Slate's "Everyday Economics" columnist
Tim Harford has returned to further discuss the 360 shortage and Microsoft's response to it. His basic query is,
"Why doesn't Microsoft raise prices temporarily from the current floor of $300 for a basic console? Why doesn't
the company auction them all on eBay, where consoles are currently reselling for $700 and up?" We responded
to his original
column and apparently weren't the only ones.
The writer's friend, an economics professor at George Mason
University, explained, "Very few people really are willing to pay $700 for an Xbox. Contrary to what you might
expect, long lines are perfectly consistent with customers who refuse to pay high prices." Harford elaborates on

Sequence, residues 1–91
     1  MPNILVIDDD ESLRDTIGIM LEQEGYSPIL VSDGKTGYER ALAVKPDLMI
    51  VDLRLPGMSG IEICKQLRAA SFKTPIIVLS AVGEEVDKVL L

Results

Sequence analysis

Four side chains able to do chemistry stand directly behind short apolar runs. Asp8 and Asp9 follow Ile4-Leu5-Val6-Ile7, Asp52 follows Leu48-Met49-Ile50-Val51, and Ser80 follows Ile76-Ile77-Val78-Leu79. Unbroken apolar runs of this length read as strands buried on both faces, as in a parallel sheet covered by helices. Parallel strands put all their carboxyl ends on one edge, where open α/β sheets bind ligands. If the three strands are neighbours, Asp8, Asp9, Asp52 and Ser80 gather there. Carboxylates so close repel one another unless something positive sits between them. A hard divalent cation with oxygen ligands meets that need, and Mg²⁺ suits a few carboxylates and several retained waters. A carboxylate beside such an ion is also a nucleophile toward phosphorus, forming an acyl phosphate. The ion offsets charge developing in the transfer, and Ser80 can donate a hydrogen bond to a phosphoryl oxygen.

this theory concluding, "The answer may be that it is gamers who are acting irrationally. Very few people resell
their consoles despite the high auction prices. Having grabbed a scarce console, gamers only think about using it
rather than profiting from its resale. As a result, only a few consoles are up for sale and only the most desperate
buyers compete for them. If more people put their consoles up for auction, the price would drop." Sounds like
Harford got it right the second time around.